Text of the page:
And that cover! It’s beyond gorgeous! I want that dress! That cover is stunning and I’m so proud to be in the pages of this issue :) :)

You can buy the Spring 2021 issue of Deep Magic here!

<3 Marie C.

Recommended Short Fiction: ALL WORLDS LEFT BEHIND by Iona Datt Sharma & WINGS OF LIGHT by Anna Madden


This week the stories are about leaving worlds and homes and histories in the past. They deal with heartache, yes, but also of looking forward, into the future.

ALL WORLDS LEFT BEHIND by Iona Datt Sharma is about a woman named Priya whose family had access to a portal world. But as she prepares for both a funeral and her own wedding, she realizes that she is losing her hold on this portal world, that it might very well slip from her grasp. Published in khōréō magazine.

WINGS OF LIGHT by ANNA MADDEN is a tale about an ant warrior desperate to defend her colony from attack, yet is given a responsibility that doesn’t conform to the life and death she had expected for herself. She’ll have to come to terms with this new responsibility, for the future of her colony depends on it. Published in Hexagon Magazine.


Recommended Book: THE NIGHT CIRCUS by Erin Morgenstern


THE NIGHT CIRCUS
Erin Morgenstern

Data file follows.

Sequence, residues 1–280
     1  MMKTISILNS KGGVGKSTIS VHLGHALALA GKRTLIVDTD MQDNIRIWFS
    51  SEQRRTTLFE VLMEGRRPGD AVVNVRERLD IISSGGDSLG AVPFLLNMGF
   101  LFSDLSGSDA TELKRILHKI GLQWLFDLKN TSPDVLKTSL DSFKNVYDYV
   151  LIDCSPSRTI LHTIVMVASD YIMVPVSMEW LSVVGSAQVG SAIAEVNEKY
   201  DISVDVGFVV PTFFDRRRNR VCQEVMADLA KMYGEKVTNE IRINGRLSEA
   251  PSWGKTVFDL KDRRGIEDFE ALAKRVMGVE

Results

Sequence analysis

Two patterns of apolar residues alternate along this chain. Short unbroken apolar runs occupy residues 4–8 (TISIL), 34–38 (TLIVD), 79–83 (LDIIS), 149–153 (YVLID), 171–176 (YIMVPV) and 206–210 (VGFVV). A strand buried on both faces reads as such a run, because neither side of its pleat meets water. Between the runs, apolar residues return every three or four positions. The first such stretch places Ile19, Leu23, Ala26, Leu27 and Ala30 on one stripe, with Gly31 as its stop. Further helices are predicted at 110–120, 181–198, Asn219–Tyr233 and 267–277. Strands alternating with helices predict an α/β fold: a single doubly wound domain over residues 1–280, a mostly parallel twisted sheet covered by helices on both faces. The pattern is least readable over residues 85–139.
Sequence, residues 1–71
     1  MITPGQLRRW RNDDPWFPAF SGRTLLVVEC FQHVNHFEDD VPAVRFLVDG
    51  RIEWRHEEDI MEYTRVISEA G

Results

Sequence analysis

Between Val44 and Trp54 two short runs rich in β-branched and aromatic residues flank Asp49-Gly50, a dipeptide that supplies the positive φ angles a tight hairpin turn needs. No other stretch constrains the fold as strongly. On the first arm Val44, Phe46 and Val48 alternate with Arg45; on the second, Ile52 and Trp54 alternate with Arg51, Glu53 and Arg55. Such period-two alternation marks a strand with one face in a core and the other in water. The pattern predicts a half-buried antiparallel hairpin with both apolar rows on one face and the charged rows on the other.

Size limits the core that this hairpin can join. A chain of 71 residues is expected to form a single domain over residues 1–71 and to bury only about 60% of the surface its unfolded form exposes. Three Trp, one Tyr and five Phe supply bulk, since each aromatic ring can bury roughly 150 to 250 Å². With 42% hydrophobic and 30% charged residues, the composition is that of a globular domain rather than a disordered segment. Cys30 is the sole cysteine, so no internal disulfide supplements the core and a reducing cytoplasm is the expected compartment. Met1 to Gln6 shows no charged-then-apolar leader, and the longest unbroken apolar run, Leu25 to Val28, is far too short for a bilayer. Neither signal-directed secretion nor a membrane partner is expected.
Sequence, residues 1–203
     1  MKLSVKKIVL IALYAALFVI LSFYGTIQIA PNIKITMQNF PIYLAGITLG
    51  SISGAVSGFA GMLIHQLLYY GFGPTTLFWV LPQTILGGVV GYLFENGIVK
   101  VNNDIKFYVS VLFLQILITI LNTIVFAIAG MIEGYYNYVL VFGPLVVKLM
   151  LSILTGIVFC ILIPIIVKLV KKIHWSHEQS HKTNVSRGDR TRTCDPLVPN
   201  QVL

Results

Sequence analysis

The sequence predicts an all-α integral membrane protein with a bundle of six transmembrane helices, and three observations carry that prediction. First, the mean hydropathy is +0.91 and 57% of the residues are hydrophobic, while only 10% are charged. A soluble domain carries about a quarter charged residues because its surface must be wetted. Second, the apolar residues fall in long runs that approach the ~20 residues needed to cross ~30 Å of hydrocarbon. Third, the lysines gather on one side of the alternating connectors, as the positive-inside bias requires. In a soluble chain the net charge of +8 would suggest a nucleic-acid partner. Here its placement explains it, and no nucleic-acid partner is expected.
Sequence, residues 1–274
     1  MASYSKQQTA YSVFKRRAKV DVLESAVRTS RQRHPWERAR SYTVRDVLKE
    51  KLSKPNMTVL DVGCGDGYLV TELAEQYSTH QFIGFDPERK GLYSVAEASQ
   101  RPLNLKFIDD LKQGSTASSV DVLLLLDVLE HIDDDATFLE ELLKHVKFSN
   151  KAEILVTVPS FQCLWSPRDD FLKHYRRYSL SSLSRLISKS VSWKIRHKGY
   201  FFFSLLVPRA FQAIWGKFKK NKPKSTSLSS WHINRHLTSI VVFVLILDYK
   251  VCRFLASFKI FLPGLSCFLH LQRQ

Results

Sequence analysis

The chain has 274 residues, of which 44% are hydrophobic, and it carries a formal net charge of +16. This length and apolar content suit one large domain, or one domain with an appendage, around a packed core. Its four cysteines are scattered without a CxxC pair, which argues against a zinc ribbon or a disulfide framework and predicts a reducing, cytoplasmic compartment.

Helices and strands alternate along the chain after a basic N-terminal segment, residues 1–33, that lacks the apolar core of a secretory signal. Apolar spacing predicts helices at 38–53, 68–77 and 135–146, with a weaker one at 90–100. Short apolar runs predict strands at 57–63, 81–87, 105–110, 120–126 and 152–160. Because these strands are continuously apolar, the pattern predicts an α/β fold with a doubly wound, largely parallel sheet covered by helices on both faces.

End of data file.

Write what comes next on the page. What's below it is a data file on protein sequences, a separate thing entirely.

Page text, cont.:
A black and white circus only open at night; tents and performances that blend the extraordinary with the real; an exhibition competition displayed for all the world to see. Those are the heart and soul of The Night Circus.

From a very young age, both Celia Bowen and Marco have been chosen to be the competitors in a dangerous game involving manipulation and enchantment. They train in vastly different methods under completely different teachers until the venue for their competition is set. From there, their battle spans years and continents and involves more and more people who have come to love the circus as their own. And in the process, the two are drawn to one another.

This tale is told magically, with prose that takes you on a journey through this circus, describing in intricate detail the tents, the performers, the manipulated elements that astound and spark excitement. There is love invested in these details that bring this setting to life, moreso than even the characters that walk and live and love among the black and white tents.

While there is a large cast, this is not a character story. Though there is romance, it is quick and distant rather than intimate. The mystery of The Night Circus is less mystery than it is mystical, with us along for the ride to discover just what might happen to all the people who have become intertwined with the venue.